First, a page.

I fully agree.Yeah not quite sure why the expanding foam - by the time you make the beam skins strong enough for the load they shouldn't oil can over that narrow span. But Ian was a clever guy so he must have a had a reason. Maybe holding dimensional tolerances so the sides didn't move in and out when glued together.
As to if it can be repaired - composites are very good at repairability. You just have to be good with a grinder and sander. In this case the only dimensionally critical part is the part of the beam that slots into the main hull notch. So as long as that fits the beam can be slightly ugly/lumpy elsewhere.
If I was repairing these, I'd cut off the gluing flanges in way of the damage, clamp the torn top skin in place, grind and re-glass the sides. THEN I would scarf the main break in top and bottom skins with very long scarf ratios on top and bottom faces because there is carbon fiber in at least the top and bottom skins right. Carbon needs long scarf ratios (like 50:1) to develop the interlam bonds between the old intact skins and new skins.
For missing bits: I might pre-form some new boat building foam, lay an inside skin on it and then join it to where the old broken bit is. Then use that to create new top and bottom skins.
THEN more foam panels for the missing sides. Lay up new sides, lapping onto the new top and bottom faces.
I will add that among beginners making composite repairs there is a hesistancy to remove enough of the damaged areas. Much simpler to just make a square cut and have a nice square edge for your new repairs to start working from.
Why bother to take all the time to scarf together all the remnants and create a form when you already have the perfect form on the other AMA. You just have to think female form and not male form. At the end of the day which process is going to be quicker time wise ?I would align and locally scarf/laminate the remnants together and essentially create a male mold. Fair and thin down the old laminate to a wafer thin shell then laminate a properly fiber oriented new beam over it expecting nothing from the mold, structurally, just a form.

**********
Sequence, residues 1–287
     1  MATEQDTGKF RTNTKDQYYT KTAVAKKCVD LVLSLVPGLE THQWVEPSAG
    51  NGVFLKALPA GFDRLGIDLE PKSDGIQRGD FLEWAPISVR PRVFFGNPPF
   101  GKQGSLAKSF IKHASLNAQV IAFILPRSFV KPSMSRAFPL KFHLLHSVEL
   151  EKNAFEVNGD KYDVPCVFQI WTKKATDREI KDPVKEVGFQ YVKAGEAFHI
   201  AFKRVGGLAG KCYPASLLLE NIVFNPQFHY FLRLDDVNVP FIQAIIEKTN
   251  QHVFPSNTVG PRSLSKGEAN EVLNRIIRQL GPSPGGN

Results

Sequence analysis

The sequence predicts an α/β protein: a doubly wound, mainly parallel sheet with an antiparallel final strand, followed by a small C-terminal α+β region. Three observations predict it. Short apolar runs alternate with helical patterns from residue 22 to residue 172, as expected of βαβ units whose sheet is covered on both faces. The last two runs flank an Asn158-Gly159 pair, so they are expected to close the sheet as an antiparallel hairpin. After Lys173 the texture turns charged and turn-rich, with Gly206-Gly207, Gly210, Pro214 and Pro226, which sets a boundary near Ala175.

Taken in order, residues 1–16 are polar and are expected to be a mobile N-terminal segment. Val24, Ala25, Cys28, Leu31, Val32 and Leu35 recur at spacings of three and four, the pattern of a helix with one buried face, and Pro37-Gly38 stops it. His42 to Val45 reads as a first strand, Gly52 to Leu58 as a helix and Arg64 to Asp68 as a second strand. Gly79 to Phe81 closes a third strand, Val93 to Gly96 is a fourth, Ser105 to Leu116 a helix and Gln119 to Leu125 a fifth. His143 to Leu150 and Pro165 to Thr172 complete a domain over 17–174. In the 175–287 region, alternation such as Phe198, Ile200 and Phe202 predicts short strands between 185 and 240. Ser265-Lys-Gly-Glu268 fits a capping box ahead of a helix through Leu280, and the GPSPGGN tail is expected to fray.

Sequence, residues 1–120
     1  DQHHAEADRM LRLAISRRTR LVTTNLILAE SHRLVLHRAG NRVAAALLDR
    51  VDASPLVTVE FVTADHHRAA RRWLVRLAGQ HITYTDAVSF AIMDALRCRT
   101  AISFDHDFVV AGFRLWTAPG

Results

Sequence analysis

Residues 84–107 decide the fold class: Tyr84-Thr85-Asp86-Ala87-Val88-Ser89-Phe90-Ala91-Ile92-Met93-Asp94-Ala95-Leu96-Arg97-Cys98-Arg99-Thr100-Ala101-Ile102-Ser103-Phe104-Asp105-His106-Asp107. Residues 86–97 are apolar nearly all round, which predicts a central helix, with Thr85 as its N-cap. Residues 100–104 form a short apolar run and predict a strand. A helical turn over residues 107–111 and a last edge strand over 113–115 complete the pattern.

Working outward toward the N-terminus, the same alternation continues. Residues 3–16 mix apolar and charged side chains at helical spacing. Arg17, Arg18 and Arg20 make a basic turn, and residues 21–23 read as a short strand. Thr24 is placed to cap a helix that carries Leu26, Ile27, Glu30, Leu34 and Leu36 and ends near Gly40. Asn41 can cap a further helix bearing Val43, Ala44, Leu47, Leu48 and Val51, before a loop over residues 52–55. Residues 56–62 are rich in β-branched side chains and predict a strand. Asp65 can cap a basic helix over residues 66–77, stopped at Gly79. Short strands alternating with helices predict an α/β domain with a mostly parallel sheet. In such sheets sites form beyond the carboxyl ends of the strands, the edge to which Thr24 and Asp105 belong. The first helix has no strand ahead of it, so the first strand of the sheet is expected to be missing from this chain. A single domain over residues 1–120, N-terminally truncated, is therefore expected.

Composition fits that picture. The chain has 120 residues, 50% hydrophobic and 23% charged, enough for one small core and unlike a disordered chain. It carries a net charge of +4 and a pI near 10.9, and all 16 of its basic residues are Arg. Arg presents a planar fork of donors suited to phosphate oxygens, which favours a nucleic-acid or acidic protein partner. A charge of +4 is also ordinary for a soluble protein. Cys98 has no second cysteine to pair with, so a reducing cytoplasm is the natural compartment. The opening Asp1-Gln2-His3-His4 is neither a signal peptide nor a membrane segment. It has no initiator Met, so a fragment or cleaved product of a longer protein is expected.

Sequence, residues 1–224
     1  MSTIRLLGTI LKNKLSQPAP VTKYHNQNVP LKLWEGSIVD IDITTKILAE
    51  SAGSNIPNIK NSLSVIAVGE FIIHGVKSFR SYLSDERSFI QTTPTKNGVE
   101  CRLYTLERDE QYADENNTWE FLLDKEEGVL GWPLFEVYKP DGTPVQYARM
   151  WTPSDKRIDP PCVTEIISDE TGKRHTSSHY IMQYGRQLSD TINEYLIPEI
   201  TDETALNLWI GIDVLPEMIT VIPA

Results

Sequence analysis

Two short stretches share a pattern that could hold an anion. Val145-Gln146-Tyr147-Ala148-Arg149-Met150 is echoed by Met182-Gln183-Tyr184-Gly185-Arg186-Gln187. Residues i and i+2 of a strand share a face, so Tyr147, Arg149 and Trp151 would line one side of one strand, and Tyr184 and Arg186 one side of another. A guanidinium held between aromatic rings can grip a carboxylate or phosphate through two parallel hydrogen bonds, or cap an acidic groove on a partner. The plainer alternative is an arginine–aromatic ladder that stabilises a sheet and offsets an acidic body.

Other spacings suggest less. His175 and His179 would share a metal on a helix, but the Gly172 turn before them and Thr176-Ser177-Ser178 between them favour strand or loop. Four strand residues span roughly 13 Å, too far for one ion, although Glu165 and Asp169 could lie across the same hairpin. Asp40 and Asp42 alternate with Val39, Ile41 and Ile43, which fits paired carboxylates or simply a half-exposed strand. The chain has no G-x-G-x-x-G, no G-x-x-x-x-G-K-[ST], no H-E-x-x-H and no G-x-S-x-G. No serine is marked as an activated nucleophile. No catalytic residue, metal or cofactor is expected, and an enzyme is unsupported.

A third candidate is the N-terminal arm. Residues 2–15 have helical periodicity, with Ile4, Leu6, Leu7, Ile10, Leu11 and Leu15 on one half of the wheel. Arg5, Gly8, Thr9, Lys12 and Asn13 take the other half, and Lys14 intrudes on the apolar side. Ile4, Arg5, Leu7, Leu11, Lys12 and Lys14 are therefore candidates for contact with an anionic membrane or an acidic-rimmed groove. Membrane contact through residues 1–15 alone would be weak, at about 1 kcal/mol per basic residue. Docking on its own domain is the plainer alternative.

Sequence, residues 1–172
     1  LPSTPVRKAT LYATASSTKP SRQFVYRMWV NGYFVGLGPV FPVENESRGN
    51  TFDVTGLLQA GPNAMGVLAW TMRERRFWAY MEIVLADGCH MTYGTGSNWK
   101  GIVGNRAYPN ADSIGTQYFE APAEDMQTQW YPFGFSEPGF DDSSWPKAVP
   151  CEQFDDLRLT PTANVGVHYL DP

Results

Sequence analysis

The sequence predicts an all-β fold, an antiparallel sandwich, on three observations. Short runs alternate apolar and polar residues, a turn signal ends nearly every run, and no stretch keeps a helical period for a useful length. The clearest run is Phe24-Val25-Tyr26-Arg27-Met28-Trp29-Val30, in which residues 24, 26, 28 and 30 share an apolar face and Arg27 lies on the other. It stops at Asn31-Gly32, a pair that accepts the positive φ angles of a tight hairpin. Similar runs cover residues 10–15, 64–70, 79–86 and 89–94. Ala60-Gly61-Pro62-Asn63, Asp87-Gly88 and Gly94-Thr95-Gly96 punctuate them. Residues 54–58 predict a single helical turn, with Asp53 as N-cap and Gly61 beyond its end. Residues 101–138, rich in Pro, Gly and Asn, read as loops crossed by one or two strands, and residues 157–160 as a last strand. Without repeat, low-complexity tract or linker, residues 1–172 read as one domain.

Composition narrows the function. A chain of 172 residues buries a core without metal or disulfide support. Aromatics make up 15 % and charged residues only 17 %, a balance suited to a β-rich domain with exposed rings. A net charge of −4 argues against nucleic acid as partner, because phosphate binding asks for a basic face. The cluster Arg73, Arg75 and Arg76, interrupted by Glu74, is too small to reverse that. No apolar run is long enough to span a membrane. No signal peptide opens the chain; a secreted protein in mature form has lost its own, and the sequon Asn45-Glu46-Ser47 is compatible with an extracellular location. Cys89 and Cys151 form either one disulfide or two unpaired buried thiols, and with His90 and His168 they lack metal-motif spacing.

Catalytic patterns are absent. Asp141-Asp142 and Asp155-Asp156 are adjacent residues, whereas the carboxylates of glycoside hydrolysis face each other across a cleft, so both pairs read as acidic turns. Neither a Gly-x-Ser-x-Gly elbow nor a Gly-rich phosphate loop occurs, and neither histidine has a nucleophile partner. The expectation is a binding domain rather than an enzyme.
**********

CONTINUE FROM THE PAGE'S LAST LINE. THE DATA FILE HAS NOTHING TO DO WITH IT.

Because you would be replicating the same questionable method of two halves, stuck together, which put too much emphasis on appearance and cost, less on structural integrity. Better to lose the flanges on the other two beams (like this model did on the ama deck joint) so they match the repaired beams and save yourself the time and materials on a mold nobody needs.Why bother to take all the time to scarf together all the remnants and create a form when you already have the perfect form on the other AMA. You just have to think female form and not male form. At the end of the day which process is going to be quicker time wise ?
When you come to sell the boat and two beams are looking like someones had a go at repairing them badly as compared to having two complete new beams made, I wonder how much that will effect the resale value ?
Holy shit; sorry to read and see this. They are great boats but you really need to stay on top of beam maintenance.
What TRi said. Steve would be my first call. He had beams. Not sure if he still does.Steve Marsh who runs Finish Line, http://finishlineotc.com, in Florida may have “spare parts”. He has picked up some damaged F27’s in the past or Don Wigston, also in Florida, runs Windcraft. https://windcraftmultihulls.com
the New England team you reached out to probably have reached out to them, they all are Corsair dealers.
It is hard to tell from the pictures, but one looks like the Aka seam may have separated.....Ian has/had a bulletin probably moved to here: https://fct.groups.io/g/F-Boats/files which seems to have the old yahoo group archives.
Could you tell if one Aka caved first? Followed by cascading failures?
I would look up the bulletin and check the starboard side per the guide.
Yes, this exactly.I think this picture shows exactly the type of failure described in the PDF file. Starts at the beam seam, hits the bolt hole (stress raiser) then cracks the side and slowly peels the beam. IMO, the top of this picture is where the failure ended. It started at the bottom.
"Should the glue line fail here, and be undetected, the failure will grow along the join flange until it reaches a bolt, which then acts as a stress raiser.
A vertical crack running up the side of the beam may then develop from that bolt.
Now it gets serious and must be repaired without delay"
You may have had this sort of partial failure for a long time and just didn't see it. So this beam probably failed first and then
View attachment 449920
I'm not sure what is meant by this. The boat is of the design before the amas were changed to reduce production cost and difficulty. So, yes it is different than the later design, but it is a Corsair F27 nonetheless.They appear to be a different design than a Corsair 27, interesting.